Dates:Â Â Â Â Â Â Â Â Â Â Â Â Â Â June 2 and 3 (Friday and Saturday)
Time:Â Â Â Â Â Â Â Â Â Â Â Â Â Â Â The performances begin at 7pm but come early to picnic.
Location:Â Â Â Â Â Â Â Â Â Central Park near the 72nd street and 5th avenue entrance inÂ Â Â Â Â Â Â Â Â Â Â Â Â Â Â Â Â Â Â Â Â Â Â Â front of the pond.
Directions:Â Â Â Â Â Â Â Take the 6 train to 68 street or 77 street
Walk to 72nd street and 5th avenue
Make the first right after entrance
We will be on the grass on the left
Any Questions call 626 437 3603
Artists Unite’s Peter Ferko and Sky Pape took the occasion of the inaugural show at BravinLee programs to ask Thomas Nozkowski about his works on paper, his views on the art world, and his thoughts on artist community. Here’s what he shared with us.
Regarding the work
AU: Tell us about the role of drawing in your creative process.
Drawing is every bit as interesting to me as painting. Speaking broadly, I make two different kinds of drawings. Physically one group consists of oils-on-paper and in recent years they are usually 22 x 30 inches. The other group uses more traditional drawing materials â€“ ink, pencil, crayon, gouache â€“ often in combination. The former method is part of my painting process and the latter is part of my thinking process.
AU: What drives you to create a work on paper rather than a painting?
I move back and forth between them for simple and mundane reasons. The oils-on-paper are done in the painting studio and are created to capture the sidetracks and lacunae that appear and disappear in the making of a painting. I use the paint at hand, on my palette. They are the roads not taken in making one of my paintings. The more conventional drawings are done when I can’t get into the studio: it’s too cold; my time is limited; I’m traveling, and so on. They often connect to my paintings, too, but in a parallel way. As you know, each of my paintings has a source in the real world. It is my custom to use drawing as a way to test and stretch those sources: how many different ways can one make some kind of visual image of, say, that Blackbird? (And, no, I have never done a Blackbird.)
AU: Is there any different mindset in your approach to works on paper compared to paintings?
Trivially, yes. Deeply, no.
AU: Do you tend to translate drawings into paintings or vice versa?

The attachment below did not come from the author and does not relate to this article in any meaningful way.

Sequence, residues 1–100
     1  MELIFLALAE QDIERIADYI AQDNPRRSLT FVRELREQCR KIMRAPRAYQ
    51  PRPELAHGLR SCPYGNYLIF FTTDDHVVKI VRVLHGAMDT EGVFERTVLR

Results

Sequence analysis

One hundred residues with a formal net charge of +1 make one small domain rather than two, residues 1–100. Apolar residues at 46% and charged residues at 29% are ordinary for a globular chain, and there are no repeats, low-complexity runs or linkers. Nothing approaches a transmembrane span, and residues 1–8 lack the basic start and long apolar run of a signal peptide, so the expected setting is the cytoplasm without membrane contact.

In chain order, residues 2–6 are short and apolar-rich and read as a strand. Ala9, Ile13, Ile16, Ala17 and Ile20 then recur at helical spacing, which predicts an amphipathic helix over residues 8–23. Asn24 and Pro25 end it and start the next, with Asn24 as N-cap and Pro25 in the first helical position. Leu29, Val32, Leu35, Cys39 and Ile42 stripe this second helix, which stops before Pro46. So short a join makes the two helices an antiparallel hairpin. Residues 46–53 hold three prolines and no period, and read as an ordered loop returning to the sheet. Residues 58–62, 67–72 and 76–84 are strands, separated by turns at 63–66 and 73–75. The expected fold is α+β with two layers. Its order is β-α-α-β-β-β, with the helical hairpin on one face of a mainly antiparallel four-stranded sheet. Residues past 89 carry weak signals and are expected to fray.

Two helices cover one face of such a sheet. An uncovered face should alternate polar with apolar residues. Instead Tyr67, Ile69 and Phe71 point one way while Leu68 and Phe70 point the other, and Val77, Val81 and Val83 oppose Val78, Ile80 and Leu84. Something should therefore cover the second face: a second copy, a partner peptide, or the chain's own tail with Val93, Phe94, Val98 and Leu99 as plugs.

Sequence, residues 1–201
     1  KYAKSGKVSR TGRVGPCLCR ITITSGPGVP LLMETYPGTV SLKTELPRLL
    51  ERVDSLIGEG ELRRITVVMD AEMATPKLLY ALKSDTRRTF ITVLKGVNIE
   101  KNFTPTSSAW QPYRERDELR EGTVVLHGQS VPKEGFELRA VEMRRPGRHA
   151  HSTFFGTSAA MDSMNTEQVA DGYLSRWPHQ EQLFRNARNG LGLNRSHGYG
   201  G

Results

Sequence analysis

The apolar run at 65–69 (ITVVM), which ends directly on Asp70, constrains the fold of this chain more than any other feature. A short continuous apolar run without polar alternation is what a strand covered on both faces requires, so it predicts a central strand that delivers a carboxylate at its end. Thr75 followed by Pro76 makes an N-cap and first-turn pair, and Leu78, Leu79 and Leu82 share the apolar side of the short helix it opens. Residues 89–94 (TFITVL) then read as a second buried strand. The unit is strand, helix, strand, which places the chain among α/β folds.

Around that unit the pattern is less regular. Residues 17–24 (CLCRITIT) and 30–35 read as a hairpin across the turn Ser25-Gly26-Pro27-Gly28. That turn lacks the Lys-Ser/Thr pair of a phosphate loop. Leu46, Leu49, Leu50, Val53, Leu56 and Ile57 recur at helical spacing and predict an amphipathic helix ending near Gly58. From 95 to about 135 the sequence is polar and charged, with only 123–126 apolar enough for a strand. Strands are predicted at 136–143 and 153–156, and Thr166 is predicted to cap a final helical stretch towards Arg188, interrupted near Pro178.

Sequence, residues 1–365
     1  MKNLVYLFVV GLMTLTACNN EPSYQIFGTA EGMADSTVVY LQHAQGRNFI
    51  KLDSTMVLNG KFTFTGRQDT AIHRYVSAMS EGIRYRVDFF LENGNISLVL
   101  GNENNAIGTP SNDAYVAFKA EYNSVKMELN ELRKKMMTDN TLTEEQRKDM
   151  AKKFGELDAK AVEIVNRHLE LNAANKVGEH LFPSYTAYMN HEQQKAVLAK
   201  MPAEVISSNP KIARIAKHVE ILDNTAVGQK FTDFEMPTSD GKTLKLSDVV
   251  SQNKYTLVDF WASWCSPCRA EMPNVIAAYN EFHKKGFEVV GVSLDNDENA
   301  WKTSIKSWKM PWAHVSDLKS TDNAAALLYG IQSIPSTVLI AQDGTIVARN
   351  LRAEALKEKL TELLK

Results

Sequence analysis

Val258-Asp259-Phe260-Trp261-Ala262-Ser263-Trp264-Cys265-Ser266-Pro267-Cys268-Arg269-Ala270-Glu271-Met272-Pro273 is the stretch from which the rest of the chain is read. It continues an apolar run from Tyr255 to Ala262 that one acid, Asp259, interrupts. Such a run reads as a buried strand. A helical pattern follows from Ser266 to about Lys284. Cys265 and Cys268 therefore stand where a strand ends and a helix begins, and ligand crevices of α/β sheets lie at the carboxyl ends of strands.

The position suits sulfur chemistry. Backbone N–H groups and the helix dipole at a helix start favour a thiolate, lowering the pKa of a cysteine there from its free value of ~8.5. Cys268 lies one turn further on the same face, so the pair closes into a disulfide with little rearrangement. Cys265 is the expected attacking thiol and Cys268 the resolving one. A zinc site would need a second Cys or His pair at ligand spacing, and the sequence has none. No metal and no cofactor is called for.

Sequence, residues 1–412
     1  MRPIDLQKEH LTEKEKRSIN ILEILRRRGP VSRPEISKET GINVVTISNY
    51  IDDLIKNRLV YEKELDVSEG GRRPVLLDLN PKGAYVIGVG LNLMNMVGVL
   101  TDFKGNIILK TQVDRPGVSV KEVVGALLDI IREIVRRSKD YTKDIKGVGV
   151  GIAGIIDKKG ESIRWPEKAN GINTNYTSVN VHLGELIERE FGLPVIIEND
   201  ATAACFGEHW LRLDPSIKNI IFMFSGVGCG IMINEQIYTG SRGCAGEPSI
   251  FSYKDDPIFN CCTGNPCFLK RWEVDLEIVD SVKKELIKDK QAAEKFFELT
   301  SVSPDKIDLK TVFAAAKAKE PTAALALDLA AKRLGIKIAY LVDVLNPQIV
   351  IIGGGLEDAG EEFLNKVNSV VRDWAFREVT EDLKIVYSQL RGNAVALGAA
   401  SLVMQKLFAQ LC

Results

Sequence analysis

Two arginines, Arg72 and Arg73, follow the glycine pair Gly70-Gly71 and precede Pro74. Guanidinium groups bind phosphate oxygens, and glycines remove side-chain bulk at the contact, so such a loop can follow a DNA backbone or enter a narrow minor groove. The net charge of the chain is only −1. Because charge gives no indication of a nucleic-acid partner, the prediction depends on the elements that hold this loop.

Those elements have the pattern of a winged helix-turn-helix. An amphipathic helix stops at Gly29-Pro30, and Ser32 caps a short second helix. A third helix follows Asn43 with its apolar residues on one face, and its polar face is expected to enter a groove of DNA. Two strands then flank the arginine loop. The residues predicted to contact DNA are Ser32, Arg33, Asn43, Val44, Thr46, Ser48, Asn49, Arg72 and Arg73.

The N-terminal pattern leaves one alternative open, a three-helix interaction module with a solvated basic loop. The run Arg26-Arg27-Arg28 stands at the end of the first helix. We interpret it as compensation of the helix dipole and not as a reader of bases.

Never, except as described above. There certainly is no direct translation or development of an image.
AU: Tell us something about your studio. Do you work on more than one piece at a time? Do you draw and paint interchangeably or work in one direction at a time?
I work on several things at once. The numbers change, but right now there are six paintings in my studio, four oils-on-paper and two prints.
AU: As an artist in what is traditionally solo, classical media, do you ever entertain thoughts about collaborations, actions, technology projects, etc.?
No. Art is not life and I think it is dangerous to confuse the two things.
Regarding the art world
AU: What do you think about the disparity in value of works on paper vs. paintings? Do you think drawing will ever gain equal esteem/value with paintings and sculpture?
If it ever will, well, now’s the time. The discourse is high enough today and the audience is as sophisticated as it could ever be, but don’t hold your breath. The happy few will always gravitate to drawings, looking for the most intimate relation with an artist, but the larger audience really desires something more public, distanced and displayed.
AU: Every generation surely must have it’s own experience of mature vs. young artists; what is your take on the current art market? Is it youth-obsessed? Is “mature emerging” artist an oxymoron in 2006?
The aesthetic atomization of the art world has created not a single complex system but many systems, each with its own rules and its own artists and these systems are merely layered one atop the others.
AU: Do you think that much great work is being produced today? Is much getting beyond the studio? Is it common or the exception?
I think that there is the usual amount of great work being done today â€“ a little bit â€“ and I think the usual amount is getting out of the studio and being seen â€“ certainly not all there is. But how much can you expect at any given moment? I see a lot of rewarding work, I see good things every time I walk through Chelsea. I wouldn’t do it otherwise.
AU: Do you feel part of a group or community of artists? If so, what does that mean to you; how does it foster your life and work?
Being part of a community that has a common language and is trying to add to its vocabulary is very important to me. That this community exists in time and across cultures is key to its meaning for artists.
AU: Artists Unite operates under the theory that these days, an arts community is based as much on whom we stay in touch with as on who lives in the neighborhood. How do you stay in touch with your arts community?